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As stated before, the fact that Pip gave him something to eat in the first chapter, the convict is very grateful towards him and furthermore, he acts as if he is indebted to Pip. I can deduce from the way he was kissing Pip’s hand that what Pip has once done for him in his innocence and fear, means the world to Magwitch. He thinks that the person he’s made out of Pip is nothing compared to what Pip has done to him. As far as Pip is concerned, he feels embarrassed by the presence of the convict. He keeps thinking that it is good that his roommate is not in to see such a scene. He looks through the window to see if someone is walking around. He doesn’t even want to sleep in the same room as Magwitch and he wants him to go far away very soon as he tells Magwitch “my friend and companion,’ said I, rising from the sofa, ‘is absent; you must have his room,” (chapter 39, pg 306, line 37-38).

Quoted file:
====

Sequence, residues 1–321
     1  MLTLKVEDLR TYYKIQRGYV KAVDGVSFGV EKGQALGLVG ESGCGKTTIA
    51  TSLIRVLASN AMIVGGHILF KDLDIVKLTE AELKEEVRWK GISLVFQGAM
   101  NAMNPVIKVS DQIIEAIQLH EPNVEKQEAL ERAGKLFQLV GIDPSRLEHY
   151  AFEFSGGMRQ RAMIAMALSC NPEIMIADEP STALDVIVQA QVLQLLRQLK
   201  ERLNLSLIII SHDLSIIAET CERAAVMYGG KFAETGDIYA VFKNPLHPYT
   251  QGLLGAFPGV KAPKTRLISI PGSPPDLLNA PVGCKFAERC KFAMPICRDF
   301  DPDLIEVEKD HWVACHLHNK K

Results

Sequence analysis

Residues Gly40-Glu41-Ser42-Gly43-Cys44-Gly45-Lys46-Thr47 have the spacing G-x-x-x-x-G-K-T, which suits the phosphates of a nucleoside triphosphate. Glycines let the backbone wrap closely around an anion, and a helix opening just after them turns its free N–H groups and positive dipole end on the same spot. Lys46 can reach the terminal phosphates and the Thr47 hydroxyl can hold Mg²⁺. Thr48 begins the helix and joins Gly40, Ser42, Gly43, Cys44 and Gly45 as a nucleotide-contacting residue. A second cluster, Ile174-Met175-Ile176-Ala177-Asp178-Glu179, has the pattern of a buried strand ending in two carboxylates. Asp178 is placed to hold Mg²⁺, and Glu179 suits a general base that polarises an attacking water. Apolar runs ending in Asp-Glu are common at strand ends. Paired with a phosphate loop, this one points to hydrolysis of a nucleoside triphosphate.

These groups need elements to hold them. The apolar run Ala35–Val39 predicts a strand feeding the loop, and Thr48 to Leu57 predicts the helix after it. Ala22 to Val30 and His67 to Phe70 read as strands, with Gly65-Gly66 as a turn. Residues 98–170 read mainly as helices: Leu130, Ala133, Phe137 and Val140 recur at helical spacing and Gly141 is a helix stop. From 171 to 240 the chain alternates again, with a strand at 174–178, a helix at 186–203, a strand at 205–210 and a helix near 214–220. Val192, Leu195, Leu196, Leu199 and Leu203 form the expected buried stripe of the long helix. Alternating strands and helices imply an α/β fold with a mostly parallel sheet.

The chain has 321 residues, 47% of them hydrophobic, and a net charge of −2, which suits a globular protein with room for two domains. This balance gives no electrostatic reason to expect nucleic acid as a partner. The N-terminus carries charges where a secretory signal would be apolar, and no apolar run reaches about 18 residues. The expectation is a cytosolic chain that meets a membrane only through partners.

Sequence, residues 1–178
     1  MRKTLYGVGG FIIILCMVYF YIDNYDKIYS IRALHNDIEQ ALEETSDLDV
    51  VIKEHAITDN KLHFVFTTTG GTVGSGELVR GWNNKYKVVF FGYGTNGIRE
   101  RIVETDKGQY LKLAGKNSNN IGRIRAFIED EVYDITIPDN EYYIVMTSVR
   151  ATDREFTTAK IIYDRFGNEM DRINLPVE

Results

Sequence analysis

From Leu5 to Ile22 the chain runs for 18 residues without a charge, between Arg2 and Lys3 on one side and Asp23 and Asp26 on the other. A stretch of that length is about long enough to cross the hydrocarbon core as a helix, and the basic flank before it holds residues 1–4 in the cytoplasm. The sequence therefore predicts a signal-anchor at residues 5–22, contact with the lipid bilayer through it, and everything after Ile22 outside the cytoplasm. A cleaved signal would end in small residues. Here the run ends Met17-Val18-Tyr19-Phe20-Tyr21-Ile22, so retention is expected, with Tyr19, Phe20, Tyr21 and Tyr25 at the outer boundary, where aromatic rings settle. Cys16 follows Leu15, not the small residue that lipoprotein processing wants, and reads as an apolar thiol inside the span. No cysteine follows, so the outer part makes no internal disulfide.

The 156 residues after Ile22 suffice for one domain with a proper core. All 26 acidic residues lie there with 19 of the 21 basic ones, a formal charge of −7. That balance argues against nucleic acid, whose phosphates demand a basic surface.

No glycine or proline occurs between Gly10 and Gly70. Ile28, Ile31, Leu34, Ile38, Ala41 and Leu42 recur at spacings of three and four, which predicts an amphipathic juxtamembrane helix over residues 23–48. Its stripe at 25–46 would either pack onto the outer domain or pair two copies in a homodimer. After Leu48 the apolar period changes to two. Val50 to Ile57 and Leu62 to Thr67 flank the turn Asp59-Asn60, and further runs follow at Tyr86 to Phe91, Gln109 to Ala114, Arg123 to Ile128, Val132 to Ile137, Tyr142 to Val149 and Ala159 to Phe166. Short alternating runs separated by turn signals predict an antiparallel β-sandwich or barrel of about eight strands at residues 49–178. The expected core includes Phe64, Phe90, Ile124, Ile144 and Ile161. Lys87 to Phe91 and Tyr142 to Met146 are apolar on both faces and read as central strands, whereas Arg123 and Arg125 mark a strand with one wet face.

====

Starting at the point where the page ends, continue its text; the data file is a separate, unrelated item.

It seems to me that Magwitch is like a burden to Pip. I think that Pip is imagining that how can such a good and refined person like him be talking to a prisoner whom he has once helped and has been so scared of. Likewise, Pip has grown older and much more wiser than in the first chapter. On top of that, he’s developed an arrogant attitude towards others less successful than him and to persons who love him as well, like Joe and Magwitch. What is more surprising is at the moment that he knows that the culprit was providing him with money; he does not want to accept that fact at all. He always thinks that Miss Havisham was his benefactor because like that, he could have a chance to marry Estella in the future. He does not imagine his benefactor to be a prison evader.